If you want to know who really controls Huntington Ingalls Industries, Inc. (NYSE:HII), then you'll have to look at the makeup of its share registry. We can see that institutions own the lion's share in the company with 88% ownership. Put another way, the group faces the maximum upside potential (or downside risk).
Institutional investors endured the highest losses after the company's market cap fell by US$278m last week. However, the 6.2% one-year return to shareholders might have softened the blow. We would assume however, that they would be on the lookout for weakness in the future.
Let's take a closer look to see what the different types of shareholders can tell us about Huntington Ingalls Industries.
What Does The Institutional Ownership Tell Us About Huntington Ingalls Industries?
Many institutions measure their performance against an index that approximates the local market. So they usually pay more attention to companies that are included in major indices.
As you can see, institutional investors have a fair amount of stake in Huntington Ingalls Industries. This implies the analysts working for those institutions have looked at the stock and they like it. But just like anyone else, they could be wrong. When multiple institutions own a stock, there's always a risk that they are in a 'crowded trade'. When such a trade goes wrong, multiple parties may compete to sell stock fast. This risk is higher in a company without a history of growth. You can see Huntington Ingalls Industries' historic earnings and revenue below, but keep in mind there's always more to the story.
Since institutional investors own more than half the issued stock, the board will likely have to pay attention to their preferences. Hedge funds don't have many shares in Huntington Ingalls Industries. Our data shows that The Vanguard Group, Inc. is the largest shareholder with 11% of shares outstanding. In comparison, the second and third largest shareholders hold about 11% and 8.5% of the stock.
A closer look at our ownership figures suggests that the top 12 shareholders have a combined ownership of 51% implying that no single shareholder has a majority.
While studying institutional ownership for a company can add value to your research, it is also a good practice to research analyst recommendations to get a deeper understand of a stock's expected performance. Quite a few analysts cover the stock, so you could look into forecast growth quite easily.
Insider Ownership Of Huntington Ingalls Industries
While the precise definition of an insider can be subjective, almost everyone considers board members to be insiders. Company management run the business, but the CEO will answer to the board, even if he or she is a member of it.
Most consider insider ownership a positive because it can indicate the board is well aligned with other shareholders. However, on some occasions too much power is concentrated within this group.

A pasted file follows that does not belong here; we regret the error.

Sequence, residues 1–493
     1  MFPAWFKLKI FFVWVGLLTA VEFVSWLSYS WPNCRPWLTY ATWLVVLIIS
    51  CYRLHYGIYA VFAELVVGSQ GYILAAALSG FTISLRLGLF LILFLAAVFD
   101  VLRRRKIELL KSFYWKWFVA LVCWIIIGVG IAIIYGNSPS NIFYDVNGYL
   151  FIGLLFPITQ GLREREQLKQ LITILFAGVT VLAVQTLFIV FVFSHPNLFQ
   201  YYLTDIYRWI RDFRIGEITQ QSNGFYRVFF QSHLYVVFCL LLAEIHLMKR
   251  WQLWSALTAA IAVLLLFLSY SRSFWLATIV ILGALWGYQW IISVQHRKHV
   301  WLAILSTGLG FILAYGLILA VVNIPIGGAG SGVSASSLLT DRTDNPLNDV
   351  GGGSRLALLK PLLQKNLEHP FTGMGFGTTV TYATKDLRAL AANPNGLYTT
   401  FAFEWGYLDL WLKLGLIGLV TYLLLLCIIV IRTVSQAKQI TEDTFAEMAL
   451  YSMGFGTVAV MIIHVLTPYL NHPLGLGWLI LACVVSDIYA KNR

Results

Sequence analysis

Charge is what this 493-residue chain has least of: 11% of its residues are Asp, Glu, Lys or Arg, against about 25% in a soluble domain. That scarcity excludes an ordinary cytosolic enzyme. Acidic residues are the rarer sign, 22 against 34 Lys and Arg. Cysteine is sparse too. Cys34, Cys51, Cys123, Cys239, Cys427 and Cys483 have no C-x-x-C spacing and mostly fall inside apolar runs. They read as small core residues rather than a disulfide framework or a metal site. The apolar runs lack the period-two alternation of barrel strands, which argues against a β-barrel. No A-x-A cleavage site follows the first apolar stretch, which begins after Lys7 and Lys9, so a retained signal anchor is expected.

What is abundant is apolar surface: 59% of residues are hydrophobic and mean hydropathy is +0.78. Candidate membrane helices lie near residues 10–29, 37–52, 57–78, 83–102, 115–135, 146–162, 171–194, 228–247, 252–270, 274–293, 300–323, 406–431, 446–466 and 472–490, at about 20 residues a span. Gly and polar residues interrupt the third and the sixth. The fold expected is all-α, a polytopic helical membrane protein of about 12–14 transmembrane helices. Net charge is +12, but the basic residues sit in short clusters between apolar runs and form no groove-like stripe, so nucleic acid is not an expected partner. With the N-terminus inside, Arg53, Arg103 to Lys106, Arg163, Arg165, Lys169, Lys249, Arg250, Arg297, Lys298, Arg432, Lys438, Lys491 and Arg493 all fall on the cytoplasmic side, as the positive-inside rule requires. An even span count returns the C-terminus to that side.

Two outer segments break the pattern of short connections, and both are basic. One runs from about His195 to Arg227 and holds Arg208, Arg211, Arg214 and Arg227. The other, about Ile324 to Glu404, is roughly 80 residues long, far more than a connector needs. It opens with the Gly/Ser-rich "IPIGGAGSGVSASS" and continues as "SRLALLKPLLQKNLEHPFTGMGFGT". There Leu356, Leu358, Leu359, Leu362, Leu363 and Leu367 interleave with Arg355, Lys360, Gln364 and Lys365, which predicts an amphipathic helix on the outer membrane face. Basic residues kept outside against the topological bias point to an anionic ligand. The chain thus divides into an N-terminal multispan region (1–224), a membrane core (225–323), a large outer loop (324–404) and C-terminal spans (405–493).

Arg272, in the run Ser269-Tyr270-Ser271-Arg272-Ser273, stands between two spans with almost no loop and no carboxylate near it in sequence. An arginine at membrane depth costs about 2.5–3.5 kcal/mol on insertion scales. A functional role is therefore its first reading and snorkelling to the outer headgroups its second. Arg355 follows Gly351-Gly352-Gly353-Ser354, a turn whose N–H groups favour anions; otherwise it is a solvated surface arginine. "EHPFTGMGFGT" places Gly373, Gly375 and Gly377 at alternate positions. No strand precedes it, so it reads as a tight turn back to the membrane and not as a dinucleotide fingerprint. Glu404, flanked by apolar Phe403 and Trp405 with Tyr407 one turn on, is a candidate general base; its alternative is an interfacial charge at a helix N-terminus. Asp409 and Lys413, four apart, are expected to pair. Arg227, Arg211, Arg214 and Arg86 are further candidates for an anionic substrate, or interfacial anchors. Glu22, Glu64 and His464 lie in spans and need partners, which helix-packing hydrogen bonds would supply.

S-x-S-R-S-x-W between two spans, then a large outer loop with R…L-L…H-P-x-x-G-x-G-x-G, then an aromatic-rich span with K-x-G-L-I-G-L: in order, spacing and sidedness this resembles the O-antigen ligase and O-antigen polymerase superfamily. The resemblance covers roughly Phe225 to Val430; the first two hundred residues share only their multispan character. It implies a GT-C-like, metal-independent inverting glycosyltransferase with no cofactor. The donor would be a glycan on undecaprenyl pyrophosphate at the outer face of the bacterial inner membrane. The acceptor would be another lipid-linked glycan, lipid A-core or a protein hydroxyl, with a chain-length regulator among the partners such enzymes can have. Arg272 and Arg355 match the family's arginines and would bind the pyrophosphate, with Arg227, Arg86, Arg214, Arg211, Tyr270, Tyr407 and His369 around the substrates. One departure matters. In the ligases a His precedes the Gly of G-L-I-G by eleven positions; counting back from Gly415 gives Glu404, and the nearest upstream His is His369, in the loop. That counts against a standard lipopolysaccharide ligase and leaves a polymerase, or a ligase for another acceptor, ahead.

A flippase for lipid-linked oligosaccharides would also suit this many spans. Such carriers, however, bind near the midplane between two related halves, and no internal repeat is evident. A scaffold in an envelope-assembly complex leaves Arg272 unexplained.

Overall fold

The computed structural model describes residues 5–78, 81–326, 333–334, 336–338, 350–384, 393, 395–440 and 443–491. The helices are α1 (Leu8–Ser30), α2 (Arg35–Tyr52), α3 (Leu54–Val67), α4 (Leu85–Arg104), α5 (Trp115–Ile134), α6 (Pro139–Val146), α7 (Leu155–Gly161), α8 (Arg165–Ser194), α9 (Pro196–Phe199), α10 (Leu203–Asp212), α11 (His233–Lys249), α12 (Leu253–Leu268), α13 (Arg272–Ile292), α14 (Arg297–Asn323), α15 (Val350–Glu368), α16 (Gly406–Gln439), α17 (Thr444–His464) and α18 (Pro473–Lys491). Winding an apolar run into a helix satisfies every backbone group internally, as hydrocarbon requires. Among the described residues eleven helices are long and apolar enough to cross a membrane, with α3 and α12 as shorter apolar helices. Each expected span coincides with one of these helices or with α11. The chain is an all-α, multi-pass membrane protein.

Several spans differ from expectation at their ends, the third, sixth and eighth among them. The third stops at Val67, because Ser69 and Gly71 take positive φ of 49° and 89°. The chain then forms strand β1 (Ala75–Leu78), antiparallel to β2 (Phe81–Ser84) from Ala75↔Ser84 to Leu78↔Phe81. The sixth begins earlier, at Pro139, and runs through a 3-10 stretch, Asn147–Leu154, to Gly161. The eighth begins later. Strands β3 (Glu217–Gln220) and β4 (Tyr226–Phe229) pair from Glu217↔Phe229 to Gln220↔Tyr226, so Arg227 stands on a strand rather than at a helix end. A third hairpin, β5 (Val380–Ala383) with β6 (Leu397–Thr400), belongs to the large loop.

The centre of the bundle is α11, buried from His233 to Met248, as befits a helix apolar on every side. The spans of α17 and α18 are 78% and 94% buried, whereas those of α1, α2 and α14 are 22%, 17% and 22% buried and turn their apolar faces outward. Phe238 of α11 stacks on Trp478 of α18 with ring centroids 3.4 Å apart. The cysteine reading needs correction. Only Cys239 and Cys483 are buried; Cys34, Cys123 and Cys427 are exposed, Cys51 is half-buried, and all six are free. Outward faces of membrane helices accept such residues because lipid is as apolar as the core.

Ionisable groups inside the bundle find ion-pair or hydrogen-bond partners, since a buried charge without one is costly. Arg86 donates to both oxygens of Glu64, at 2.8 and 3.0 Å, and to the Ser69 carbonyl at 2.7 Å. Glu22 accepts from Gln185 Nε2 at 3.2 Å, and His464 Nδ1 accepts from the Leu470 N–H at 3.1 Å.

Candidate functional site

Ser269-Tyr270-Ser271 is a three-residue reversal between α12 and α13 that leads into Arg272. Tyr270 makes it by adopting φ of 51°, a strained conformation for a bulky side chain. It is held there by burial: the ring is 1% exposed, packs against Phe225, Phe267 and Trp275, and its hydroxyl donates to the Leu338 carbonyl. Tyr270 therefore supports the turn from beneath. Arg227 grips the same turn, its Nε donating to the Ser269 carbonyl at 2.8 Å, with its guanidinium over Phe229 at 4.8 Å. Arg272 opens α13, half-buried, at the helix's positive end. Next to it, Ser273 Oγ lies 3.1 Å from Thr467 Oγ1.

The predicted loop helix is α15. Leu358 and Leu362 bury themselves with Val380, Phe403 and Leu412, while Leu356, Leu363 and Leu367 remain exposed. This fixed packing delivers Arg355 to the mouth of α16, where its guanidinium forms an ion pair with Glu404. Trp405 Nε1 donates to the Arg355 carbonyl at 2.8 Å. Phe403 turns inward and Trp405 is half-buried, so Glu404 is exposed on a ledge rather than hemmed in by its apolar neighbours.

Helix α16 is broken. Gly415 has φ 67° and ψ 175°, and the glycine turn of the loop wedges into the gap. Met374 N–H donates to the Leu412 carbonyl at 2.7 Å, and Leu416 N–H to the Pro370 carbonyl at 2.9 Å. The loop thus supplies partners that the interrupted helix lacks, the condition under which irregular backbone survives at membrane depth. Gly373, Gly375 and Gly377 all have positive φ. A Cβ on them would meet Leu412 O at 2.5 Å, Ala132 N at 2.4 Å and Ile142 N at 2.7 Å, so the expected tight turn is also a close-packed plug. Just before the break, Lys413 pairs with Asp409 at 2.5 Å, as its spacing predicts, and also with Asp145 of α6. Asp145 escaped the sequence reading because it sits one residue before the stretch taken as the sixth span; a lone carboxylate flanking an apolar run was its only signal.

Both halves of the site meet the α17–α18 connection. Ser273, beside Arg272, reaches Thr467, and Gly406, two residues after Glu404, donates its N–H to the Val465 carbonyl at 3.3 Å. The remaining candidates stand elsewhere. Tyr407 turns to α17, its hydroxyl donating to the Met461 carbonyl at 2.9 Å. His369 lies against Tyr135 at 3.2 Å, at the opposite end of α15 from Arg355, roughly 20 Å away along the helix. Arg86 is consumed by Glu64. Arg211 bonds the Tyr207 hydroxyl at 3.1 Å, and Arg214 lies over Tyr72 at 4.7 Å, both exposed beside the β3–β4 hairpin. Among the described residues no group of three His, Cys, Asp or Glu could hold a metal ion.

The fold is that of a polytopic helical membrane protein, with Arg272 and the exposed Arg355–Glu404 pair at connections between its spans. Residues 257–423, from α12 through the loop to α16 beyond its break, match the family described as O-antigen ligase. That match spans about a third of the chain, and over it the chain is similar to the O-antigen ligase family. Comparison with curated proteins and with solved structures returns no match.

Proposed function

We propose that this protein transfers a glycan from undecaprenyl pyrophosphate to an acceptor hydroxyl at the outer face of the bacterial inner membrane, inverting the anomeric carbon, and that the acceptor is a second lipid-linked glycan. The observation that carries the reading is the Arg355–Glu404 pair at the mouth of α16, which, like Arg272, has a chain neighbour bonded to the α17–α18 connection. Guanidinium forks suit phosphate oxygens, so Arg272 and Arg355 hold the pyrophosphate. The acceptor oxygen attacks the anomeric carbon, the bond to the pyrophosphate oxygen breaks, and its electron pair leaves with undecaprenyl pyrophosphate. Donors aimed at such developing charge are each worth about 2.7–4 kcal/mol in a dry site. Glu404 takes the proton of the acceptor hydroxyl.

We can report that insiders do own shares in Huntington Ingalls Industries, Inc.. The insiders have a meaningful stake worth US$166m. Most would say this shows a good alignment of interests between shareholders and the board. Still, it might be worth checking if those insiders have been selling.
General Public Ownership
The general public-- including retail investors -- own 10% stake in the company, and hence can't easily be ignored. This size of ownership, while considerable, may not be enough to change company policy if the decision is not in sync with other large shareholders.
It's always worth thinking about the different groups who own shares in a company. But to understand Huntington Ingalls Industries better, we need to consider many other factors. Be aware that Huntington Ingalls Industries is showing 3 warning signs in our investment analysis , you should know about...
If you are like me, you may want to think about whether this company will grow or shrink. Luckily, you can check this free report showing analyst forecasts for its future.
NB: Figures in this article are calculated using data from the last twelve months, which refer to the 12-month period ending on the last date of the month the financial statement is dated. This may not be consistent with full year annual report figures.
This article by Simply Wall St is general in nature. We provide commentary based on historical data and analyst forecasts only using an unbiased methodology and our articles are not intended to be financial advice. It does not constitute a recommendation to buy or sell any stock, and does not take account of your objectives, or your financial situation. We aim to bring you long-term focused analysis driven by fundamental data. Note that our analysis may not factor in the latest price-sensitive company announcements or qualitative material. Simply Wall St has no position in any stocks mentioned.